A Facebook friend request from a woman he didn't know led to an Atlanta music producer’s incarceration for 10 days. And the whole bumbling case has led to the same man being awarded $300,000 for his trouble.
David Cunningham, who goes by the stage name "Dun Deal," told CBS 46 that in 2014 he became a suspect in an Augusta, Ga., Costco smash-and-grab in which thieves made out with $80,000 worth of stolen jewelry taken from a display case.
Cunningham says that even though he's never been to Augusta and therefore had never been to a Costco in Augusta, as police began searching for the four suspects, he became their prime target.
Cunningham told the news station that his nightmare started when he answered a friend request from a woman he didn't know.
"I have fans, you know; people follow me. And I add people back. I have no issue with following people back," Cunningham told CBS 46.
Turns out that the woman, later revealed in court records to be Ronnica Westmoreland, reportedly rented the getaway car used by the men who pulled off the robbery. When police questioned Westmoreland, she said she loaned the car to a guy named David.
"David is a pretty common name, so they went to her Facebook page, found everyone named David," Cunningham's attorney, James Radford, told the news station. "They found a black man who wears a lot of jewelry. So they jumped to the conclusion that must be him."
Cunningham notes that because he's in the music industry, his Facebook page shows him in photos with famous rappers.
"The picture that they showed of me was with Birdman. They asked me who that was," Cunningham said. "He was wearing a lot of diamonds and they slid me the picture, and they ask, 'Who's this?’ I'm like, 'That's Birdman!’”
Police claimed that Cunningham looked like one of the men in the security video, and even went so far as to claim that his fingerprints were found at the scene—which a total fabrication. Cunningham had never been there and had never been arrested, so he didn't have fingerprints on file, CBS 46 reports.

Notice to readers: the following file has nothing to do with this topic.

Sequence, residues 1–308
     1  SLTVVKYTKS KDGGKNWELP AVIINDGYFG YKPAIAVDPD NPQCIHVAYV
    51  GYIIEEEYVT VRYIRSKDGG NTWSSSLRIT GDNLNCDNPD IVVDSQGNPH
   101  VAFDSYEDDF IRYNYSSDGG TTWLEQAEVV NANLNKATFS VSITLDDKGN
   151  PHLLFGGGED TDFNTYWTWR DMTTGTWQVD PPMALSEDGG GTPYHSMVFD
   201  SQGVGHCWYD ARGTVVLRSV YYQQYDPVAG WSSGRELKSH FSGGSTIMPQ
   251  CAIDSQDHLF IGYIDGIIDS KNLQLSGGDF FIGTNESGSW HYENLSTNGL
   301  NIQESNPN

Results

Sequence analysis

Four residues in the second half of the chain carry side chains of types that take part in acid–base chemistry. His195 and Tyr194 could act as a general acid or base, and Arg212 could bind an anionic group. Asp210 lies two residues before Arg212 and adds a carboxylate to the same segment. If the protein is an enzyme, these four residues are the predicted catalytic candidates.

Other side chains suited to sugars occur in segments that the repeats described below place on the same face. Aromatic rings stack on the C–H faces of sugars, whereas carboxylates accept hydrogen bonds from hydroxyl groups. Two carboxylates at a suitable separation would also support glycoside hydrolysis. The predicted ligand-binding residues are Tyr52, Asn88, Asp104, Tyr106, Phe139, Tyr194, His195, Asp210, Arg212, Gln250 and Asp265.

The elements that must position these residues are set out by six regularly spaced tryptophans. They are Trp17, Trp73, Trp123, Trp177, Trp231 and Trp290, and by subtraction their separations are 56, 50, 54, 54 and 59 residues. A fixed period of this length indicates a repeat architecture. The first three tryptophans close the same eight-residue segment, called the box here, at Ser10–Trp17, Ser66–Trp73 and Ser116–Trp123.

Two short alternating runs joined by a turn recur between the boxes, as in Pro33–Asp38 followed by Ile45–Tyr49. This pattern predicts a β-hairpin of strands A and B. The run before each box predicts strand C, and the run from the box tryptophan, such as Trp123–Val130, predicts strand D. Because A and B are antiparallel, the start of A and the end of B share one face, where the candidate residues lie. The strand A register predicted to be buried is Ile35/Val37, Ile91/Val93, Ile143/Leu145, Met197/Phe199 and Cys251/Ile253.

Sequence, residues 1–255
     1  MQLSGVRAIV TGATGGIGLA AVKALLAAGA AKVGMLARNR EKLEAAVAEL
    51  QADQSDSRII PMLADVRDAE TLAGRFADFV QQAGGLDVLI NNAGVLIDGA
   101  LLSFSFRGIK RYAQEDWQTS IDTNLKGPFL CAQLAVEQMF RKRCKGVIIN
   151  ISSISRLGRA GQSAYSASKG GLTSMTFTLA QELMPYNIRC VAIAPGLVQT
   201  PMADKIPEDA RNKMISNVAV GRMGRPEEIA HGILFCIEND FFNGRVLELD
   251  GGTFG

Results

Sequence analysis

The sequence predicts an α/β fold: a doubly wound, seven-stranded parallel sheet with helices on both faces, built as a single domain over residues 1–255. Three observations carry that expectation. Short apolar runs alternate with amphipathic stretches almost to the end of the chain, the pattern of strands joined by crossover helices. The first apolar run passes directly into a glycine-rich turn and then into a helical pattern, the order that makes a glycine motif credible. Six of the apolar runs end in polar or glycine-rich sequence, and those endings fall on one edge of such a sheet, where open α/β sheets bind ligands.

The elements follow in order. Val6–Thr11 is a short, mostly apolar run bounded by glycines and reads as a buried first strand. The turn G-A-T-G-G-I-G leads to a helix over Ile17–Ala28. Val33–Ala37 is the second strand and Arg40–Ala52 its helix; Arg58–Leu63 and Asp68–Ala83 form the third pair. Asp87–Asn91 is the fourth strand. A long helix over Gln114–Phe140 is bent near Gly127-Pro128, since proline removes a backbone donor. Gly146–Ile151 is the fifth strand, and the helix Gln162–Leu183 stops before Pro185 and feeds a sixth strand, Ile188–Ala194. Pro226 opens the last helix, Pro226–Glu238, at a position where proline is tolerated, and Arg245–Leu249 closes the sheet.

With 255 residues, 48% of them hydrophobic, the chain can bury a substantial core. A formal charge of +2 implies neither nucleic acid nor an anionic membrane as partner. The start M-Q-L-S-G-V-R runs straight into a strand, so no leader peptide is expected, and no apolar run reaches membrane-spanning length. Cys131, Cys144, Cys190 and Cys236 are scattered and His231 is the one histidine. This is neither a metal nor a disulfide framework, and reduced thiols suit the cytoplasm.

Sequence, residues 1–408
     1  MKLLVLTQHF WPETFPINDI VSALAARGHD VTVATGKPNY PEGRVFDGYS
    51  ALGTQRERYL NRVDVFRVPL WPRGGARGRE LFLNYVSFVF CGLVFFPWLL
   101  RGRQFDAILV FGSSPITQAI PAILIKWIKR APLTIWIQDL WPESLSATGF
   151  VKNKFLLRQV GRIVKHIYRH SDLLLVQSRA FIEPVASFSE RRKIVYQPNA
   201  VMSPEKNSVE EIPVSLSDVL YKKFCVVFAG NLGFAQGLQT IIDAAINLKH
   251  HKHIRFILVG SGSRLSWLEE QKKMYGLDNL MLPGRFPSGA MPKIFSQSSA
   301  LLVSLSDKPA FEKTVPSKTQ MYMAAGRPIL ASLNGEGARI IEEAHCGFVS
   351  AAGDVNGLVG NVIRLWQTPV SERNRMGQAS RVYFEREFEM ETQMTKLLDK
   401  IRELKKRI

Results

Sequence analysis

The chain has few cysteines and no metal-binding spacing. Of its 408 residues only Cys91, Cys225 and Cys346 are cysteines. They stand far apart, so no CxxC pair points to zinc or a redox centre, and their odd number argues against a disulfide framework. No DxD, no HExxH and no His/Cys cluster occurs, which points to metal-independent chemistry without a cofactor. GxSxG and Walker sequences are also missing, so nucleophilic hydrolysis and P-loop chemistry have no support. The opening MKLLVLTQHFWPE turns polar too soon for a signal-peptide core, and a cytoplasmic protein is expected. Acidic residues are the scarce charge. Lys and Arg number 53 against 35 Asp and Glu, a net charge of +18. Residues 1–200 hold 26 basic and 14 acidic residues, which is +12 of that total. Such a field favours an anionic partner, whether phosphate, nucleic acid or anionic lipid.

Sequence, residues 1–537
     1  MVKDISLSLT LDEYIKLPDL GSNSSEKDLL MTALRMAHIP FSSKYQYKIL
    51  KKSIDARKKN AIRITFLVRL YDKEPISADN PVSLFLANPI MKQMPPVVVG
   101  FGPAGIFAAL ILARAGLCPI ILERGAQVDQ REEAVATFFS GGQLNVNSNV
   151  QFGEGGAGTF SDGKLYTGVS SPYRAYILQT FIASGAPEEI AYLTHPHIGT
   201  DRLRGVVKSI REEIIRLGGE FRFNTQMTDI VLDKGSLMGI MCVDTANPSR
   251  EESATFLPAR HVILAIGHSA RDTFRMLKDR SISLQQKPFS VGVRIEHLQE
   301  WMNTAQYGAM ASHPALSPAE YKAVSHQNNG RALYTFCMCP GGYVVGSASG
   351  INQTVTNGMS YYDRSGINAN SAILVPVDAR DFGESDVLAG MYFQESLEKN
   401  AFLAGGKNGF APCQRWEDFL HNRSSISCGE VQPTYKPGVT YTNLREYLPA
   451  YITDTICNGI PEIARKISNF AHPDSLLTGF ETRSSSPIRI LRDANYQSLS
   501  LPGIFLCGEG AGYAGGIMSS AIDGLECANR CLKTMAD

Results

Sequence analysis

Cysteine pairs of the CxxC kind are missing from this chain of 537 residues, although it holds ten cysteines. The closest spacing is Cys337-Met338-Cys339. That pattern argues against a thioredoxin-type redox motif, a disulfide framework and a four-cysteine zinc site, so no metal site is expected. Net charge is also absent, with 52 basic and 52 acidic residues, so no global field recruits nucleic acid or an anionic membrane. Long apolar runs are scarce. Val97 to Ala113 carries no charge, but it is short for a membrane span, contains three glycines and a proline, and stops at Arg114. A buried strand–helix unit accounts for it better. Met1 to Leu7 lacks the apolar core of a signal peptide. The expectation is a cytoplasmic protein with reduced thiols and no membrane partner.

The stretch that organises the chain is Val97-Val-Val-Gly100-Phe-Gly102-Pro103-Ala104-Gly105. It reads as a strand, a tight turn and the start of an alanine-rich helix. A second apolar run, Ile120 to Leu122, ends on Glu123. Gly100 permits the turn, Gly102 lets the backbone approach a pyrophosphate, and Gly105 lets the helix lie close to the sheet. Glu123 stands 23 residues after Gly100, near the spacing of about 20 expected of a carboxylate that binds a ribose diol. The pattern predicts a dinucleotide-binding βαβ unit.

But that didn't stop the Richmond County Sheriff's Department from issuing a warrant for Cunningham's arrest. The sheriff's department notified the FBI, and its agents went undercover, dressed in Hawaiian shirts and sunglasses, to take Cunningham into custody at a Dallas airport.
They also raided his studio in Atlanta and "they threw tear gas over the gate, put guns in people's faces," Cunningham told the news station.
Cunningham spent 10 days in jail before the charges were dropped.
Augusta Commissioner William Fennoy told the news station that while he feels bad that taxpayers are on the hook for the large settlement of $300,000 that was awarded to Cunningham, it was still the right thing to do.
"I know that if it was me who spent 10 days in jail for something I didn't do, I would want as much money as possible," said Fennoy.
The news station notes that deputies who fabricated evidence were disciplined and one officer was forced to resign.
Defense attorney Caleb Gross told CBS 46 that while things worked out for Cunningham in the end, people without the resources the producer has fare far worse.
"If he was someone else, someone without family, without means, without a father who understood the process, that 10 days could have turned to 50," Gross said. "It could have turned to 100. That's how people get sucked into the system."
Read more at CBS 46.